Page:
From: Julie Lowe
On a cold, rainy morning two of my Sierra Club friends and I canvassed Nashville, two days before the timber sale of 299 acres of Yellowwood State Forest on Nov. 9. State forester Jack Seifert, of the Indiana Department of Natural Resources, was going to auction off our state forest as he has done before and as he will do again. We were trying to stop him.
We talked to Nashville shop owners and knocked on residents’ doors when a man invited us to come inside out of the cold. We sat down in his living room and he said, “I want to hear what you have to say.” He was the Nashville town manager, Scott Rudd. He showed us a full-page ad that had been placed in the Brown County Democrat, showing that 228 university and college scientists from Indiana have written letters to Gov. Eric Holcomb in support of saving Yellowwood State Forest. They wrote about the diversity of the forest that is unique in our state, and they supported leaving this rare, old-growth forest intact. While we were amazed at the ad and hoped that it would not fall on deaf ears in the Statehouse, Rudd discussed a different plan. We all agreed that the bottom line was money.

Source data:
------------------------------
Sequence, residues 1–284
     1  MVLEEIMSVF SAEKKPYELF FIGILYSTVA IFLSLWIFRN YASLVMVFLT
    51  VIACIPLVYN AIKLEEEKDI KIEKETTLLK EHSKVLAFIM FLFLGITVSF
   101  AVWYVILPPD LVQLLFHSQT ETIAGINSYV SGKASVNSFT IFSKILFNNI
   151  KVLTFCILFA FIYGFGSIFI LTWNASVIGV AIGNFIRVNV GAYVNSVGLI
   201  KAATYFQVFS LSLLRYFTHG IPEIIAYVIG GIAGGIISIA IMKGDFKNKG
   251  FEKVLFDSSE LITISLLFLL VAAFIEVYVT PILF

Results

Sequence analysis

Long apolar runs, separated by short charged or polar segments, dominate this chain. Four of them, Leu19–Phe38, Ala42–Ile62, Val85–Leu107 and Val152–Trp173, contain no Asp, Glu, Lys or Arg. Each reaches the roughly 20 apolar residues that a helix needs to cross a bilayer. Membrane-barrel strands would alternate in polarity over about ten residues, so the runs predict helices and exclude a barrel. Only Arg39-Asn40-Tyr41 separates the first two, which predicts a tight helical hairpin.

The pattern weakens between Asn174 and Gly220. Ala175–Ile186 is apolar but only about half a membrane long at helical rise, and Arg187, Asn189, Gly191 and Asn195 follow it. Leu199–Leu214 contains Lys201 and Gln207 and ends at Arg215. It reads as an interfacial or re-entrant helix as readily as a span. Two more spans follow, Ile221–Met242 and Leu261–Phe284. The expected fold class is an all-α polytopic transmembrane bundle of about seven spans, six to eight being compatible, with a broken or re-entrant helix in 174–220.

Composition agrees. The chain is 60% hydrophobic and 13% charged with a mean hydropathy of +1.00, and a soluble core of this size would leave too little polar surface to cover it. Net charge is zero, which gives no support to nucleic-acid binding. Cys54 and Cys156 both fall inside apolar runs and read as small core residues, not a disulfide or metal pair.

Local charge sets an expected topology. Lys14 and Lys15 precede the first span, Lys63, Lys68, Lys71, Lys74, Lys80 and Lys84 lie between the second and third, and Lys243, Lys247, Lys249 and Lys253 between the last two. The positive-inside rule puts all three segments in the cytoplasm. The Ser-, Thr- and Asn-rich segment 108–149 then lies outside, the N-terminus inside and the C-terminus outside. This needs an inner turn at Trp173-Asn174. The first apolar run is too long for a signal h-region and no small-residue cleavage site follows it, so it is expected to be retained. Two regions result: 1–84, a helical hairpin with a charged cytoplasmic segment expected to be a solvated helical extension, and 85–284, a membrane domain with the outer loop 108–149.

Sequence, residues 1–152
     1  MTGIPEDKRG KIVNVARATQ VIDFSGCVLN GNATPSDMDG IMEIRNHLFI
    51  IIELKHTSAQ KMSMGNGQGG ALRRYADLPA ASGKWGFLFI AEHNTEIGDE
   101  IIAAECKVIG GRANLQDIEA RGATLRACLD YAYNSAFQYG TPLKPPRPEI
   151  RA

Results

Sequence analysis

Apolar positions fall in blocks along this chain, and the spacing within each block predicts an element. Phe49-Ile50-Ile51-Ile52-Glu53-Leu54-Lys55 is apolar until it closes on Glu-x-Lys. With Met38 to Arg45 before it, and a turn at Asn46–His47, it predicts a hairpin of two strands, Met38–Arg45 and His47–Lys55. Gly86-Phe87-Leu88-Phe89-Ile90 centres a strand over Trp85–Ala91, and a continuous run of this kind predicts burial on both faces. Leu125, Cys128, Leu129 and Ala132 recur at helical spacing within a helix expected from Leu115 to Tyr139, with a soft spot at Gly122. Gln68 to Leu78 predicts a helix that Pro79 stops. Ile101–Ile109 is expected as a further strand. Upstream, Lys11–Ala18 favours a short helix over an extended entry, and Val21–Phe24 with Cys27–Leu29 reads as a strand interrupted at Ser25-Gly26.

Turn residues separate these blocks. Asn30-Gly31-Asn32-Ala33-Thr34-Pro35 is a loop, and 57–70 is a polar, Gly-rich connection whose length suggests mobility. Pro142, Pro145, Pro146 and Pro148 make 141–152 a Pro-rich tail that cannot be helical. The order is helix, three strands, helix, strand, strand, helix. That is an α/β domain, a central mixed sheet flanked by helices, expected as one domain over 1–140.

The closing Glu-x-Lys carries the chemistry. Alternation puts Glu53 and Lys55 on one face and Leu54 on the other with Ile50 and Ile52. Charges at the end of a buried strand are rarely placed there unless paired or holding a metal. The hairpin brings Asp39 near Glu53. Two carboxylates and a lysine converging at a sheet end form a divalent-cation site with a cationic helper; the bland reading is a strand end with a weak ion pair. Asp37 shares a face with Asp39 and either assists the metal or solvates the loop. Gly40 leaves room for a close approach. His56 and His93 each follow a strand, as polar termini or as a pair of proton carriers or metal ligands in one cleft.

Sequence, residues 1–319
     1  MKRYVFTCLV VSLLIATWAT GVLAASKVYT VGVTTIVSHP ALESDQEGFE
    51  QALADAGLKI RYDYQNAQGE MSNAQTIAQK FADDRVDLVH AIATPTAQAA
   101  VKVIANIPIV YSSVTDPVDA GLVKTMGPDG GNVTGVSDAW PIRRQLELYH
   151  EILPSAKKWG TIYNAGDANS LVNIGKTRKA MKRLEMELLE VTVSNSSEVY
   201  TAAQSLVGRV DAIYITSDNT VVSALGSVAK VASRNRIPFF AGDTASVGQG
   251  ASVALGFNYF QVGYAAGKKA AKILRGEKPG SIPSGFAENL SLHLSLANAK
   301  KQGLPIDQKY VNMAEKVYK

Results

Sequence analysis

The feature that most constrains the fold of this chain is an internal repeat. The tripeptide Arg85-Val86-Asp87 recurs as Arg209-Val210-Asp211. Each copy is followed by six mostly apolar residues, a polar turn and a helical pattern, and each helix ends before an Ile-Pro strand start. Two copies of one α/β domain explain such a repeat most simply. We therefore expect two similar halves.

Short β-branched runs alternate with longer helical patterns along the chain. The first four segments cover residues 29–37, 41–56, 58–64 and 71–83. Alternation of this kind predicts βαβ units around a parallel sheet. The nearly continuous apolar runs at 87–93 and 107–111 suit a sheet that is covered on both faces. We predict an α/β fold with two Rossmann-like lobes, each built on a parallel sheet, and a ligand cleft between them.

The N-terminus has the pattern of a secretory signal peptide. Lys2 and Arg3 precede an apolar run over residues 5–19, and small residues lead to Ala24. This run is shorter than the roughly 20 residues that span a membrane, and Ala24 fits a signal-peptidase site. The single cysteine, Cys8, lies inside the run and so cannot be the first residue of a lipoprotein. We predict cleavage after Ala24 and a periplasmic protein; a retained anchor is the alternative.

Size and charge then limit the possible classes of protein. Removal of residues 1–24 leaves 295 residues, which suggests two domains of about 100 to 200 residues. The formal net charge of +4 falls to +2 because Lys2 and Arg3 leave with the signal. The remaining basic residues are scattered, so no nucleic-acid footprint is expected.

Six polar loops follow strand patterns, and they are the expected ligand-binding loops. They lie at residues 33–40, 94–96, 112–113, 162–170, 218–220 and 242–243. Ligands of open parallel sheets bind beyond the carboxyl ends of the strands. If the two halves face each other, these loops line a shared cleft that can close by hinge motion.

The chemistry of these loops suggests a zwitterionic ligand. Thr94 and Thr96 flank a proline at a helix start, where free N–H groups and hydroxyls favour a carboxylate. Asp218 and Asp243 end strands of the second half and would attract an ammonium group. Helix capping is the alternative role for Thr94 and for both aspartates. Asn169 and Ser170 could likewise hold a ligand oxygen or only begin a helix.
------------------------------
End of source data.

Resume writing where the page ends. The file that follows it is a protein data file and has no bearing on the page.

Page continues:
State officials do not seem to care how the people of Indiana feel about Yellowwood State Forest. It does not matter to them that the forest is part of Brown County people’s homes. The forest is what they see out their back doors and windows, and it has always been part of the Brown County landscape. People come from all over the country to witness the beauty of fall in Brown County. Tourism is vital to Nashville, and if we can demonstrate how cutting down our forest will negatively impact us all, then we can change their minds.
Loss of tourism money for local businesses should matter to state Rep. Chris May, R-Bedford, and state Sen. Eric Koch, R-Bedford, so we ask them to bring this to the attention of Holcomb. Here in Columbus, my son and I have written letters to state Rep. Milo Smith, R-Columbus, state Sen. Greg Walker, R-Columbus, and the governor for years, but we still see the logging trucks rolling down the road stacked with 100-year-old trees. In fact, Holcomb didn’t bother to respond to my last letter himself; he let Jack Seifert respond for him.
The governor would be wise to read the data for himself and speak for himself.